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Trust is not Blind Faith: Thinking In Jewish III

Trust is not Blind Faith: Thinking In Jewish III

Trust is not Blind Faith: Thinking In Jewish III

I trust science. I trust evidence. I trust questioning everything. I think that evidence always trumps ideology; when allowed to drop the ideological posturing even the ideologue will follow the evidence. Evidence cannot be self-serving. One cannot rely on one’s ideology and the documents of faith attached thereto as reasonable evidence because it leads one into a circularity of thought that refuses to admit any other evidence. The difference between science and ideology, between science and blind faith, is that scientists are always ready to be convinced of an alternative to their current position given the weight of new evidence.

What was true during the rule of the Roman Empire (Middle Ages, The Renascence, The Enlightenment — take your pick) is not necessarily true today (there are some things that remain constant in human life such as ethics, love, peace and understanding). Advances in science and in social science, in philosophy, in analytical approaches to both the collection of evidence and the interpretation of the evidence collected is the stuff of human progress. To ignore advances, to jump up and down about divine punishment if you believe in say, Darwin’s theory of Evolution, is to ignore the weight of the evidence supporting the theory itself. In fact, it also shows a profound misunderstanding of the very idea of what a theory is.

A theory is an invitation to seek evidence both for and against the position offered by that theory. Like anything else in science, the position of scientists is that if even one piece of the theoretical position is shown to be false, the entire theory collapses. When, for the past 130 years or so, biologists have always found the idea of natural selection (Darwin never said “survival of the fittest” a term adopted by Spencer in Social Darwinism) to be the best answer to the question of species development as well as species diversion into separate species. The fossil record as well as experimental evidence has never shown Darwin’s notion of natural selection to be anything but correct. This does not mean, however, that sometime in the future an even better answer can be found and if it is, the scientific community will adapt to and embrace such a new approach. That is the profound difference between relying on ideological claptrap and scientific evidence.

All this is prompted by my own desire to learn the conceptual framework for thinking in Jewish. As part of that journey I sat in a class with Rabbi Mendel last night. The discussion was both lively and productive. Rabbi Mendel works within a belief system that admits to the Torah being revealed to Moses at Sinai and passed down generation to generation until today; absolutely true and unchanging, the Torah is unable to be questioned, to be analyzed except for creating stories that help explain the contradictions contained therein. More words of interpretation have been written to explain what is held to be the absolute truth than are contained in the Torah and the remaining books of the Tanach including the histories, prophets and other writings that make up the Jewish holy scriptures.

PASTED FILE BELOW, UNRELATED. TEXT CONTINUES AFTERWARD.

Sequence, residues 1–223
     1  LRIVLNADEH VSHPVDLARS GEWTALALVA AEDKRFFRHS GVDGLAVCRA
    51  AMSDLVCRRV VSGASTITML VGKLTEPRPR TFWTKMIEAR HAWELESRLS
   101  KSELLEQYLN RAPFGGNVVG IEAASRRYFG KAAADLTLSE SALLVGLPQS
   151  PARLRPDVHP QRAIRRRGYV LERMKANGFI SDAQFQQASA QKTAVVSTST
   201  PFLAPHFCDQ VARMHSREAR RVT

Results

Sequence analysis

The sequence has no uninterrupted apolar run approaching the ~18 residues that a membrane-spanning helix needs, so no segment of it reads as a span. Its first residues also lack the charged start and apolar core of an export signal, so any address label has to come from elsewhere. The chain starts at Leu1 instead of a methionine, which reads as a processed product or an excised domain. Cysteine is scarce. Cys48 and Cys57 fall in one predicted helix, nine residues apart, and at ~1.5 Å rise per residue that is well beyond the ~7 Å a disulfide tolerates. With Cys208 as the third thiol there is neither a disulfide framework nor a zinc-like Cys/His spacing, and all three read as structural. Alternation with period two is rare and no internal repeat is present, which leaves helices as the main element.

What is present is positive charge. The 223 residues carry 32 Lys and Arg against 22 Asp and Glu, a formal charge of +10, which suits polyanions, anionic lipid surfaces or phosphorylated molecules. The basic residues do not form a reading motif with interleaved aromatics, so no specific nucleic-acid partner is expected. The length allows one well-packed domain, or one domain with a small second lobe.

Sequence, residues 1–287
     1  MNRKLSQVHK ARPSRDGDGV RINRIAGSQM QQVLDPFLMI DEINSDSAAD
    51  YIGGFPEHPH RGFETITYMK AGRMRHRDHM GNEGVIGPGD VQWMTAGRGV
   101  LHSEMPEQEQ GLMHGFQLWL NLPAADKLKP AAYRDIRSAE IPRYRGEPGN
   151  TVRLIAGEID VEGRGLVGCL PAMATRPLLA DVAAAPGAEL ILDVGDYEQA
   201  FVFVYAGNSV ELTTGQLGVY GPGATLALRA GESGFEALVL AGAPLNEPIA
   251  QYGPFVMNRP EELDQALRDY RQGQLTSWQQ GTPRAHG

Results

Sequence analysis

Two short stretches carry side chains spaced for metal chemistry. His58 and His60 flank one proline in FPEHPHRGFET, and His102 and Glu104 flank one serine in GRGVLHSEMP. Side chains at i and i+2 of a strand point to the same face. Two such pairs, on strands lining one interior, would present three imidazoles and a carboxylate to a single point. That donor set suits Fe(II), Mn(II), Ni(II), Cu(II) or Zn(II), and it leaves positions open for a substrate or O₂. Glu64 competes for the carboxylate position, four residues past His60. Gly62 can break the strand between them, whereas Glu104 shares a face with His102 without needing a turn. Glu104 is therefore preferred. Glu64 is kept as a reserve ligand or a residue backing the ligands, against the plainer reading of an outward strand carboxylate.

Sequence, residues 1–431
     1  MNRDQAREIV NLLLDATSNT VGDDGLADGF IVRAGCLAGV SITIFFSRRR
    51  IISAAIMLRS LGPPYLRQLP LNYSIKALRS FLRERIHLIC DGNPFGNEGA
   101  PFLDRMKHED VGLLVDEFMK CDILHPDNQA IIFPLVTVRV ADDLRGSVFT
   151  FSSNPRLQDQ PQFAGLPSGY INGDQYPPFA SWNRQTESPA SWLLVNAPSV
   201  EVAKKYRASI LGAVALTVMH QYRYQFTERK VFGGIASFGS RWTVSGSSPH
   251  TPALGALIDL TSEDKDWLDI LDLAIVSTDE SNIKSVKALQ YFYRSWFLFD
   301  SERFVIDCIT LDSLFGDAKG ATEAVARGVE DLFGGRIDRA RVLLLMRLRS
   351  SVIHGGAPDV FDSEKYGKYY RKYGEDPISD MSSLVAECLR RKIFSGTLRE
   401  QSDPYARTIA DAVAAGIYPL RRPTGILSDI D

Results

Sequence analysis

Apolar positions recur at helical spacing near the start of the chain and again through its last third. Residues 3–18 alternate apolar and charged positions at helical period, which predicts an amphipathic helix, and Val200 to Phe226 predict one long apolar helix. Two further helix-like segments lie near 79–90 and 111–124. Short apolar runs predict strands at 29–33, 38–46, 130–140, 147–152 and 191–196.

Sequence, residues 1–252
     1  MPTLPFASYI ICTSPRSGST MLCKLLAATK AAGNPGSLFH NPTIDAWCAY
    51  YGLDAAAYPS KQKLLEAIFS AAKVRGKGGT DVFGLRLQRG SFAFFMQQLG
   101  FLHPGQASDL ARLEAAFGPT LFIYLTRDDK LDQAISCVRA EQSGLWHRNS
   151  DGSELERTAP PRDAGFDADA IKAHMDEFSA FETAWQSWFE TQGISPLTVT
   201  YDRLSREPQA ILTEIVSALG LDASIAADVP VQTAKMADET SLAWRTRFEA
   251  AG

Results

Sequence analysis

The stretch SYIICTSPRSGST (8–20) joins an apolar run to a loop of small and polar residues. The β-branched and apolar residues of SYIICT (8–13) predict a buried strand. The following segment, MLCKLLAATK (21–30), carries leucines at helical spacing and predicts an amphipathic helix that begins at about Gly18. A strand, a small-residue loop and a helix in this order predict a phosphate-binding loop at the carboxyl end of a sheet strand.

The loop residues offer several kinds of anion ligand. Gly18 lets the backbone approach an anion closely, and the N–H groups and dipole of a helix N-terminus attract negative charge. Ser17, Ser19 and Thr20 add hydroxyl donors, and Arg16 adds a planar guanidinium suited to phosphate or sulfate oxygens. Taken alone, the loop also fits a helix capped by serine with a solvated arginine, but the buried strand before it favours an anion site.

I find this interesting on several levels. It seems that thinking in Jewish is, at once, an analytical exercise as well as an exercise in trying to explain the unexplained; the contradictions, the laws that appear on the surface to make no sense and other anomalies found in the basic sacred texts themselves. The part I find most interesting is the former and not the latter. The analytical approach to reading these sacred texts filled with humanistic metaphor is, at least as I understand it today, both universal in its approach to broader constructions of human life and is quite narrow and particular in terms of the law and the interpretation of that law. My interest is in the universal, the humanistic, the ethical and how these ancient scholars grappled with many of the same ideas that occupied the Greeks and their offspring, the philosophers of the West.

I am interested in the deconstruction of single verses, of words and their pluralistic meanings and the insights that come from said deconstruction. The difference, as I understand it, between the deconstruction of Torah sages and the post-modern deconstructionists like Jacques Derrida, is that the Torah sages had a self-serving ax to grind, they were true believers where the post-modern deconstructionists are not bound by ideology, rather they are driven by deep reading and a certain desire to reveal nuances in the text being interpreted that have never been addressed before.

At the same time, Rabbi Mendel, while an ideologue, is quite adept at zeroing in on a point to be made. While some of his points are straw-men, he nevertheless has a knife sharp point of view that wants to narrow the conversation to the point that is on the table. His approach embraces difference of opinion while, at the same time, putting his point of view sharply out there for consideration. He is a good listener and a good debater. Hooray. While I seldom agree with his faith based point of view, I admire his ability to analyze and to place his view out there for consideration. I am learning a great deal from this young man on a mission.

I am, of course, recovering from prostate cancer, retired and curious. One thing I learned through my relationship with Alcoholics Anonymous is that I am never cured, only recovering. That is an important consideration in my road to recovery. While I have overcome the worst of the disease, it is only because of early detection, fundamentally the probabilities were at work here and I drew the winning card on the river (a poker analogy for those not in the know). Had the original spike in PSA been found a month or two later the likelihood of a completely different diagnosis would be quite high. Nevertheless, it is what it is and what it is provides me with the time and the ever increasing energy to pursue the idea of thinking in Jewish. I will remain diligent in dealing with my health concerns, having PSA checked four more times in 2013 and once a year thereafter and, with any reasonable amount of luck I will remain cancer free. I will, however, always have prostate cancer lurking in the back of my mind.